A year ago April, I attended a “Boating Sills and Seamanship” series of classes. You see, I live in a “nanny state” that requires the operator of any power boat to take at least 16 hours of boating safety instruction. (Now, if they would only do that for auto drivers #$%! They drive like idiots here. No, I don’t live in Massachusetts.) Back to boating safety… In reality, it’s not a bad idea and the courses likely save lives. I found it surprising to learn that most boating deaths occur to people who know how to swim, who meet their end in calm waters (not huge storms at sea), and who are not wearing life vests.
I have no intentions of operating a power boat in this state, and the safety course isn’t required for boats that are rowed or sailed. Yet, I took it because I’m a novice boating enthusiast and thought it might be interesting. The course filled my head with a lot of things I’ll likely never need for operating a canoe on a rather small inland lake, such as “red light returning” and all the details of navigation markers, and how to use NOAA charts and plot courses. I found it interesting to learn about many aspects of boat handling, on the water navigation, “Colregs” and the rest of the rules of the road, erm, water. In the end, the two bits of information I use most today is how to tie a bowline knot (blindfolded and behind my back) and that when in doubt about right-of-way, the bigger boat usually wins, right or not.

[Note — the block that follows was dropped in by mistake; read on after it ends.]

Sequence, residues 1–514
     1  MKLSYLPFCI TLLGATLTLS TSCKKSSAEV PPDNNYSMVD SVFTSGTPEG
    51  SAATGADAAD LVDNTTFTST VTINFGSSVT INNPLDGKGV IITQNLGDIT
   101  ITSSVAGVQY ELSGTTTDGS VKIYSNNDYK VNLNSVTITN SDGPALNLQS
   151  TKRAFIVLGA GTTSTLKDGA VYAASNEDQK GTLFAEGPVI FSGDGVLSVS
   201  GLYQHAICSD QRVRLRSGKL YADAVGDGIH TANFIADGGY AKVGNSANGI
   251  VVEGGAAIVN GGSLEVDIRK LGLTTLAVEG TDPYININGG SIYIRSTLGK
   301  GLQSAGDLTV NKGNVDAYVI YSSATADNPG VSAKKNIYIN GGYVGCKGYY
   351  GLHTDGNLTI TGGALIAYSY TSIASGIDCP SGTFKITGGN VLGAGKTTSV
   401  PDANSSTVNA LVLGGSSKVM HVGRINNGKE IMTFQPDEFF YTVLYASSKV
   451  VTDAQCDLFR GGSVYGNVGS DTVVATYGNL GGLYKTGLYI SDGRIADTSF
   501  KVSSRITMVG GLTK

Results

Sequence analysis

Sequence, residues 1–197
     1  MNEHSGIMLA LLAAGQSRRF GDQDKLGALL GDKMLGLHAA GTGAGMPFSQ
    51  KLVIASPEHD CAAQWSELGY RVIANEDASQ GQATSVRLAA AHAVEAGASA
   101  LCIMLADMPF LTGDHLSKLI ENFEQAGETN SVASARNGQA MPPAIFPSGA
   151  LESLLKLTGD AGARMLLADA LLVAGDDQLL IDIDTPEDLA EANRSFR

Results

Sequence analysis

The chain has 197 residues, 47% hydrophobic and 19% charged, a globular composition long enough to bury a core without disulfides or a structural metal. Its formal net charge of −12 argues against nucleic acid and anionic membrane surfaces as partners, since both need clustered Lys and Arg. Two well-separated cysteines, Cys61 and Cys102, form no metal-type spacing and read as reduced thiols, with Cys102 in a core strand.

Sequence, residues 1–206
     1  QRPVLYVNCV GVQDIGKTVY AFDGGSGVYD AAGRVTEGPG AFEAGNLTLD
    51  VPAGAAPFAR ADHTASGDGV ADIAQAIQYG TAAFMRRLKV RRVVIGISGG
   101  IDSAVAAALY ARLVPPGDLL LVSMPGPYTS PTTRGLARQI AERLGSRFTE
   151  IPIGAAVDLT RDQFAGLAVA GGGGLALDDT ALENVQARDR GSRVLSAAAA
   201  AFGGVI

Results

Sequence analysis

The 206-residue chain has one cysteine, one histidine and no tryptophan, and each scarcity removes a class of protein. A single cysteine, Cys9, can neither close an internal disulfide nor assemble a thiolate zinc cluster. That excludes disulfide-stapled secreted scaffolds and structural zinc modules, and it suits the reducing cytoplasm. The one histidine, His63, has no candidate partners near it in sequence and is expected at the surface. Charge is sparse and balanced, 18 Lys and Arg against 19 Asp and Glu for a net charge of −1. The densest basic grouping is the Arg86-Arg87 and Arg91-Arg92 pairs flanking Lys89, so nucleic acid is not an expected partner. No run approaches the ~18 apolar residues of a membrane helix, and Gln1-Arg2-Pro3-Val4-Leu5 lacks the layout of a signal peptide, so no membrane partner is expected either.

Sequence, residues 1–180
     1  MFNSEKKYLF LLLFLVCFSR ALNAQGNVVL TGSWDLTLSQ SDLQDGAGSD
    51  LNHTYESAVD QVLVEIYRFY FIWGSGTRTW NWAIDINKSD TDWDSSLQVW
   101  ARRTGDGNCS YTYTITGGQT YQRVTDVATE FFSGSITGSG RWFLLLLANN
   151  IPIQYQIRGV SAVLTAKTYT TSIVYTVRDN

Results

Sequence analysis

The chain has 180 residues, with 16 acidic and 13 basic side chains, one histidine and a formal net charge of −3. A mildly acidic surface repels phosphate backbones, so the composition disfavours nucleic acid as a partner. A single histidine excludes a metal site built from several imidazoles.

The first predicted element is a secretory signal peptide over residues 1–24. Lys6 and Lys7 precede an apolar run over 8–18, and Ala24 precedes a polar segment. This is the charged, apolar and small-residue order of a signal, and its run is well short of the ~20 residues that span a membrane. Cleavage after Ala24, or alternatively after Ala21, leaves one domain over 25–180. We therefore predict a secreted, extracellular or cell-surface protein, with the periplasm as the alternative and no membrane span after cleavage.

The real point of this posting is to talk a bit about the guys who teach these courses. They are Coast Guard Auxiliary members. The Auxiliary is made up of unpaid volunteers, people who do this work because they love it. The fellow who taught most of my course was, if I recall correctly, an electronics specialist at some industry around here by day (or, was it a home building contractor?), and a CG Auxiliary patrol officer on weekends. The CG Auxiliary patrols coastal waters and inland waterways that span states. A large lake not far from here lies partly in this nanny state and partly in the nanny state to the south of us. It is large enough to need CG patrols. Those guys are out there, not for any form of law enforcement, but for recreational boating safety and distress assistance. The CG Auxiliary guys are unpaid. They buy their own uniforms and gear. If they use their own boats for patrol work, their only compensation is fuel. They cover all the rest of the costs. That, my friend is enthusiasm, passion, and commitment. These guys do it because they love it; it’s not just a job. By the way, I say guys (plural) because over the course of several weeks there were three different people handling various segments of the course. They were uniformly interested, and interesting.
If you have ever wondered about taking a boating safety course, I advise you to jump in and go. It will cost you very little money and only a few evenings time. Courses are often held at high schools which offer adult education, and the fees are minimal. If you need one of these courses and want it in a hurry, there are one day 8 hour versions that satisfy some of the nanny states. I found it time well spent. Highly recommended. To locate a class near you, use the CG’s Class Finder.
Oh yeah, and why do I write about it today, 17 months later? Well, when we parted back in April of 08, Jeff said “Your completion certificates will be slow in coming. They go through a couple of different agencies which are operated by full time salaried bureaucrats, not by volunteers.” My certificate (plastic wallet card) arrived today. I had a good chuckle as I found it in the mail and remembered Jeff’s warning. To celebrate, I took it with me for this afternoon’s paddle on Lake Sebago. … where there were no boating accidents today.